Van Alen and the New York City Council have announced the 6 finalists for the “Reimagining Brooklyn Bridge” international competition, in both the professionals and young adults categories. Inspiring participants to rethink the iconic Brooklyn Bridge walkway, the contest gathered short-term interventions and longer-term proposals for a complete reconfiguration of the bridge. The 3 final teams in the Professional category include BIG + ARUP; ScenesLab + Minzi Long + Andrew Nash; and Pilot Projects Design Collective, Cities4Forests, Wildlife Conservation Society, Grimshaw, and Silman.
A symbol for the city itself, prior to the COVID-19 pandemic, the bridge, crossed by thousands of pedestrians and cyclists every day, was crammed, uncomfortable, and sometimes unsafe. In response to these conditions, the New York City Council and Van Alen Institute “launched the international design competition that aims to spark a new public conversation about New York City’s infrastructure”.
An opportunity to rethink the bridge as a pedestrian-friendly structure, part of the public spaces of the city, the Reimagining Brooklyn Bridge competition tackles primarily the needs of the community. Actually, the Brooklyn Bridge, one of New York’s most recognizable and photographed landmarks, has the potential to serve as testing grounds for equitable, accessible, and sustainable transportation options. The contest encourages also the creation of a healthy and safe environment while generating opportunities for small businesses.
The chosen proposals were selected by an interdisciplinary jury for their compelling and optimistic approaches. In fact, the jury considered the following factors: team composition; accessibility and safety; environmental benefit and security; respect for the bridge’s landmark status; feasibility; and “magic”—i.e. new ideas that surprise, delight, and fascinate. While each team is now working with Van Alen, the New York City Council, local stakeholders, and civic institutions to refine their proposals, on July 23, the public can hear from finalists and cast votes online in a Design Showdown. Online voting will be live July 23–30, and the winner will be announced in late summer.
Read on to discover the shortlisted proposals and their description.
Finalists in the Professional category
Back to the Future
BIG + ARUP, New York
Back to the Future seeks to return the bridge to its original state, both architecturally and functionally, and pilots innovations in autonomous mobility and public space design. By removing cars and related ramps, and providing more space for pedestrians, bikes and transit, this proposal moves more people and creates a stronger connection between Downtown Brooklyn, Lower Manhattan, and beyond.
Bridge X proposes a Brooklyn Bridge that evolves in response to public feedback and adapts from a pandemic to a post-pandemic era. Through a phased approach, Bridge X reimagines the upper and lower decks to reclaim space for greater pedestrian and cyclist access, to make room for vendors and small businesses, and to offer new modes of engagement with the bridge. Digital tools and design interventions enable visitors to more easily access, explore, and reflect on their experiences of the bridge.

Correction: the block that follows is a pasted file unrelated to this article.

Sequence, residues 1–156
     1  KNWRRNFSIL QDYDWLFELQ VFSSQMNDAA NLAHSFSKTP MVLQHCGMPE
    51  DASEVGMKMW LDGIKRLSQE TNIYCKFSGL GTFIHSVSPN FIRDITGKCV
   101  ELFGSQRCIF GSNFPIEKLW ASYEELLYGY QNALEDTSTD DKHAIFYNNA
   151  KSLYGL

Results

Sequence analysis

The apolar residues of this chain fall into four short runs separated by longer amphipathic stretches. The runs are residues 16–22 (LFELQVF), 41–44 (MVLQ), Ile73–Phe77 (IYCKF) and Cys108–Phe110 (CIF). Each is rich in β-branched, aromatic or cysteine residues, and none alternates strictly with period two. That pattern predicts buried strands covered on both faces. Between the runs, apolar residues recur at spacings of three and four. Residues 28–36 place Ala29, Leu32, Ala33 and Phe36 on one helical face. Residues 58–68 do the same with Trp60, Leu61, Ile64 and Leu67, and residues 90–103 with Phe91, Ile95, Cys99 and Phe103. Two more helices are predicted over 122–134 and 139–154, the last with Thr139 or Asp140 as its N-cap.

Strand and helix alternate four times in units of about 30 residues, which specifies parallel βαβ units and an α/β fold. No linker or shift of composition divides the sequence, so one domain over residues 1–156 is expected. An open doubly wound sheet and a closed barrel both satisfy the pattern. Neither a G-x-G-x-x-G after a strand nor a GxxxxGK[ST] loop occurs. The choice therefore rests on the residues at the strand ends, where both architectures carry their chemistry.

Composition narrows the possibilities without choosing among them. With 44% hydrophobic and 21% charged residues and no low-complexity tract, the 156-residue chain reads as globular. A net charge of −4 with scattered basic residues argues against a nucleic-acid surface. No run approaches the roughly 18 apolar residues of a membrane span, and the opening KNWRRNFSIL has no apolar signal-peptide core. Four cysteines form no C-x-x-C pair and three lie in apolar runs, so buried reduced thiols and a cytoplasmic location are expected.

Brooklyn Bridge Forest
Brooklyn Bridge Forest reimagines the bridge as an icon of climate action and social equity, improving mobility while respecting the landmark structure. The historic wooden walkway is expanded using planks sustainably sourced from a partner community in Guatemala that protects a 200,000-acre rainforest. A dedicated bike path and reclaimed traffic lane create new space for cyclists and low-carbon transit, while biodiverse “microforests” at either end of the bridge bring nature to New York City, and serve as green spaces for underserved communities.
Finalists in the Young Adult category
Lukas Kugler, New Milford, CT
With sensitivity to different user groups, The Artery creates a contiguous modern transportation corridor between boroughs. On the bridge, the design incorporates designated spaces for vendors and three separate pathways for cyclists, runners, and pedestrians. The substantial incorporation of greenery provides natural borders between these paths, creating an improved experience while encouraging native plants and wildlife to inhabit the bridge.
The Cultural Current
Aubrey Bader and Maggie Redding, Knoxville, TN
Using a brightly colored path and cultural markers, The Cultural Current proposes a fluid integration of surrounding neighborhoods into a transportation and public space network that crosses the bridge. The proposal uses color in a playful way that’s also helpful for wayfinding, reuses existing wood boards and recycled plastic, and plans to phase car traffic off the lower roadway.
Do Look Down
Shannon Hui, Kwans Kim, and Yujin Kim; Hong Kong, Bay Area, CA, and New York
Do Look Down’s installation of a glass surface above the bridge’s girders creates a whimsical new pedestrian space activated through art installations and seasonal programming. The lower roadway is converted into additional walkable and human-powered transport space that also offers opportunities for local vendors and performers. Powered by kinetic paving, an LED and projection system is mobilized to honor the city’s cultures, histories, and identities.